In these dark times of pop music, two of R&B’s seminal masterminds have emerged from the shadows and injected a little class into America’s pop lexicon. New singles from two of the most commercially successful acts in recent memory, Destiny’s Child and Justin Timberlake are backed by production from Pharrell and Timbaland respectively, and rather than buckling to the “EDM”-tainted sound that characterizes most of today’s radio smashes, both producers provide soulful, gritty pieces of future-oriented revivalism that make me smile.
As a genre, R&B possesses a futurism that is firmly rooted in music tradition, one of the traits that make it so critically satisfying. Old soul samples are juxtaposed against contemporary crooning, making for a rich listening experience that appeals to people young and old. In the world of half-assed electro house beats and Jason Derulo, that populist appeal is smothered by a digital sheen; cheap thrills take the place of musicality in a more traditional sense. 2013’s first two big budget singles utterly abandon the oppressive polish of the pop output of the past few years and bring back the realness. A sexy swing knocks the barrage of over-compressed kick drums out of the spotlight and I think the world is a slightly better place as a result.
Hit the jump for the full review…
Stream: Destiny’s Child – “Nuclear”
“Nuclear”, the first output from Destiny’s Child in 8 years, is a track about kinship, love, shared dreams and maintaining a relationship over time, quite fitting subject material for the capstone track of a DC best-of compilation. Pharrell handles the production, but if the credits tell a true story, the creation of the track was a very collaborative affair, with Michelle Williams receiving a songwriting co-credit and Beyonce co-credited for the vocal production (WHICH IS AWESOME). The track is dripping in the jazzy tonalities of the Neptunes’ production cannon, and the bouncy jazz chords are complimented nicely by a deep, subtle 808 kick, some boomy break beat drums, and a swinging hi-hat, all of which are programmed with a humanity lacking in most contemporary drum sequencing. Knowles and vocal producer Lonny Bereal layer the trio’s vocal contributions into a cohesive whole, using the cutting-edge production tools of a big-budget release with refreshing artistry. The components of the track combine to create a song that doesn’t reveal everything on the first listen, a quality lost to most contemporary pop productions. Fuck it I just might watch the Super Bowl to see what these three ladies are going to do.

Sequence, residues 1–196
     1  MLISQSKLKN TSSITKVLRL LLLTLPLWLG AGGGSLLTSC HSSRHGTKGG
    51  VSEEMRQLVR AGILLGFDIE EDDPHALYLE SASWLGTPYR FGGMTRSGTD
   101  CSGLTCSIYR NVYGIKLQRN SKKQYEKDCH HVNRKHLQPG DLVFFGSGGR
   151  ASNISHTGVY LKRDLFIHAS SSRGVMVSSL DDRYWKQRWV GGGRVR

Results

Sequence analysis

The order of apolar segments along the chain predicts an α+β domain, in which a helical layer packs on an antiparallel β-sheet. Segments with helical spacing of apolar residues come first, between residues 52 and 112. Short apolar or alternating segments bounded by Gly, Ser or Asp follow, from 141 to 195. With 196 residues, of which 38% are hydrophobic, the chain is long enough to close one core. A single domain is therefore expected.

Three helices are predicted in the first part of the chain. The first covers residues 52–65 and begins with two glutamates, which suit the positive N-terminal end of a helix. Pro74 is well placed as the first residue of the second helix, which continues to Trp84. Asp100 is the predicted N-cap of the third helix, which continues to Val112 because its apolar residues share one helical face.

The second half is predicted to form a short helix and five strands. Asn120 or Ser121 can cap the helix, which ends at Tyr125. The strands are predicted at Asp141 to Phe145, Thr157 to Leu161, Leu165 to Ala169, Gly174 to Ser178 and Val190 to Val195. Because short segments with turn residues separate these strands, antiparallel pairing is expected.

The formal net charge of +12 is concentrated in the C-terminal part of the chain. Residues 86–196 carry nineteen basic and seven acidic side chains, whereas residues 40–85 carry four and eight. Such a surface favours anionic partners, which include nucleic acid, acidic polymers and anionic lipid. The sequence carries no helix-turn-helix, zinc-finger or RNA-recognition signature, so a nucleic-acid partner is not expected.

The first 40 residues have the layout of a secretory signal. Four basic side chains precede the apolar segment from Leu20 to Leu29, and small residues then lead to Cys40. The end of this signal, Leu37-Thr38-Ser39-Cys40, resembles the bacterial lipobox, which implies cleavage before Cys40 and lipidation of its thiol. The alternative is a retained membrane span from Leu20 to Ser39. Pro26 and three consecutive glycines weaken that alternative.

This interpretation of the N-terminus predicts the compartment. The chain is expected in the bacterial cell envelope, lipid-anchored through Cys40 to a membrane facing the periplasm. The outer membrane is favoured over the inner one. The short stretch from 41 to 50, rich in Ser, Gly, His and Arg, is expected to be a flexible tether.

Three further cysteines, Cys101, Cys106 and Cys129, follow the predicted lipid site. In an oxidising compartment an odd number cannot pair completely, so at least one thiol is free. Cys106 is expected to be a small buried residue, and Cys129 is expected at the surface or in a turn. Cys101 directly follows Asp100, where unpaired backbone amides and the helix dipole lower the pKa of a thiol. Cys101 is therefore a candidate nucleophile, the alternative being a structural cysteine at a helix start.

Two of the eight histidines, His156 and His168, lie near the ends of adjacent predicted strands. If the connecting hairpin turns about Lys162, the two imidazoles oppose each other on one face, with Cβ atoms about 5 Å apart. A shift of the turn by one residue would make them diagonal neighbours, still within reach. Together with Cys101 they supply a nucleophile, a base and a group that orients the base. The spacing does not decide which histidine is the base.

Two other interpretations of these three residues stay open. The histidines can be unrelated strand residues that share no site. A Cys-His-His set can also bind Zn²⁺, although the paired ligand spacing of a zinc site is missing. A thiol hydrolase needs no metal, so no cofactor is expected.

Stream: Justin Timberlake – “Suit & Tie” feat. Jay-Z
Next up, JT, a man with one of the most impressively graceful careers in my mental rolodex. Emerging from N’SYNC, part of a musical movement as critically reviled as the Guetta-izing of pop, he has managed to slowly but surely move into a position of almost universal acclaim because he has proven himself to be not only charismatic to the 10 – 16 year old demographic but also smart, funny, and above all a talented musician. He managed to create a very respectable “bad-boy” sex appeal without beating anyone over the head with it, and his latest, “Suit & Tie” just further reinforces that. In a confident, silky falsetto, he and fellow cultural monolith Jay-Z give us a friendly, pleasant reminder of how much cooler they are then us. It’s ok; they earned it.
“Suit & Tie” starts off with some crackling horn blasts, the opening hook is echoed by Timbaland’s own voice, and as soon the bounce of the verse sets in, you know the producer hasn’t lost a step. Rather than sacrifice his roots, Timbaland just stretches his sound into a beat epic enough to house the return of JT and the most expensive guest verse out there. The feel shuffles between a sexy half time groove and a dancefloor bounce, all punctuated with drums that sound straight out of a dusty crate. Nary a booming 808 kick is to be found; instead, a sampled bassline sets the defiantly swung groove of the tune. The mix bears all the cleanliness and motion of the work of today’s most technically formidable producers, but the overall feel is that of a master reworking the craft from which he built his renown. It felt like the future half a decade ago, but now that other producers have caught up, Timbaland’s recognition of tradition and what makes R&B satisfying to listen to shines through. Hopefully he re-enters the production arena with JT’s upcoming album in a fashion similar to his appearance with “Suit & Tie”, because we could all learn a little bit from the soul that drips from that track.